lower concentrations‘, to yield ?nished pigment
having the best optical properties such as tinting
strength and color. With concentrations higher
than about 100 grams of zinc per liter, it is diffi
cult to obtain practical depletion (say 95%) of
the zinc in the solution.
Fresh hydrogen sulphide gas should be sup
10 plied and suificient hydrogen sulphide gas re
moved to maintain the desired partial pressure of
hydrogen sulphide in the precipitating chamber.
We generally prefer to employ a concentration of
hydrogen sulphide of about 95% by volume or
15 more at 1 atmospheric pressure during the initial
stage of precipitation.
‘
In a practical example of the invention carried
out in the apparatus illustrated in the drawing
where the precipitating chamber I was of 655
20 gallons capacity, the chamber was washed out
to make certain of the absence of reaction products from the preceding operation, and was then
?lled with gas analyzing 95% HzS by volume.
600 gallons of puri?ed zinc sulphate solution
25 having a speci?c gravity of 1.072 at 35° 0. (con
taining 30 grams Zn per liter) was then smoothly‘
3
obtained from both of the crude zinc sulphide
precipitates produced in the foregoing examples
when ?nished by conventional practices.
The present invention is not restricted to the
use of a Venturi tube eductor for effecting the
mixing of the zinc salt solution with hydrogen
sulphide gas. Any ef?cient means of producing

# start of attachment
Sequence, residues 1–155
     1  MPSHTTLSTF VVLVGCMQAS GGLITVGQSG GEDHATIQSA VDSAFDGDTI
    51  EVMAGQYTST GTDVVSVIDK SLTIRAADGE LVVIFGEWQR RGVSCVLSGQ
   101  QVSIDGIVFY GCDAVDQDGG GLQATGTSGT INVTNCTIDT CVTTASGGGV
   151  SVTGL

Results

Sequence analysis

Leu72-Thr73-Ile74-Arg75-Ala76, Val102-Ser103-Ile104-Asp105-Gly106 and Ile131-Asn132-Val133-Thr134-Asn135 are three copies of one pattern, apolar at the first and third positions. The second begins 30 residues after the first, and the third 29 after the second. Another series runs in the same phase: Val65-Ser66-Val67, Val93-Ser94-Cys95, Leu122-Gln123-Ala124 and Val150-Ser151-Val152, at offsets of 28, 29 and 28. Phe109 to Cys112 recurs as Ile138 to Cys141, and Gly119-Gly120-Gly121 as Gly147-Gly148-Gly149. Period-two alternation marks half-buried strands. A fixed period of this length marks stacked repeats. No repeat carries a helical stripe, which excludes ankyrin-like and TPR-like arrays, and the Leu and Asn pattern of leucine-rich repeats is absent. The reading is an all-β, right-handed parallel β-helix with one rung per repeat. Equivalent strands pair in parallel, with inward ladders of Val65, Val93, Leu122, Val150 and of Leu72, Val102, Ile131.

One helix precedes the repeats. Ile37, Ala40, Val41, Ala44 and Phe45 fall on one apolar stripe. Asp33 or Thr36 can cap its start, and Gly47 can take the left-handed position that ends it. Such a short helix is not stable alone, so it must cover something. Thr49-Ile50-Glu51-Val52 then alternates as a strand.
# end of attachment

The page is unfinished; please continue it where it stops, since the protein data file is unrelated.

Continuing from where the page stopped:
a vigorous spray of zinc salt solution in an at
mosphere of hydrogen sulphide gas may be em
ployed in practicing the invention. Thus, the
contemplated mixing may be e?ected by deliver
ing a jet of zinc salt solution against a baiile
positioned in the precipitating chamber above
the liquor or slurry level therein. A rotary disk
may, for example, be advantageously employed
as the baffle.
With such' an equipment, fresh
hydrogen sulphide gas is introduced into the
precipitating chamber at a point in the neighbor
hood of the jet and ba?le. Moreover, a Venturi
tube eductor may be e?'ectively used in practicing 20
the present invention without the supply of
hydrogen sulphide gas to the eductor. In other‘
words, the Venturi tube eductor may be used
simply as an efficient means of producing a
highly atomized spray of zinc salt solution (or
pumped into the tank from the bottom through
slurry) in the hydrogen sulphide atmosphere in
the precipitating chamber.
the pipe 2. During this introduction of the zinc
sulphate solution the gas outlet pipe 20 was kept
30 open to permit the displacement of gas by the
entering solution and a supply of fresh hydrogen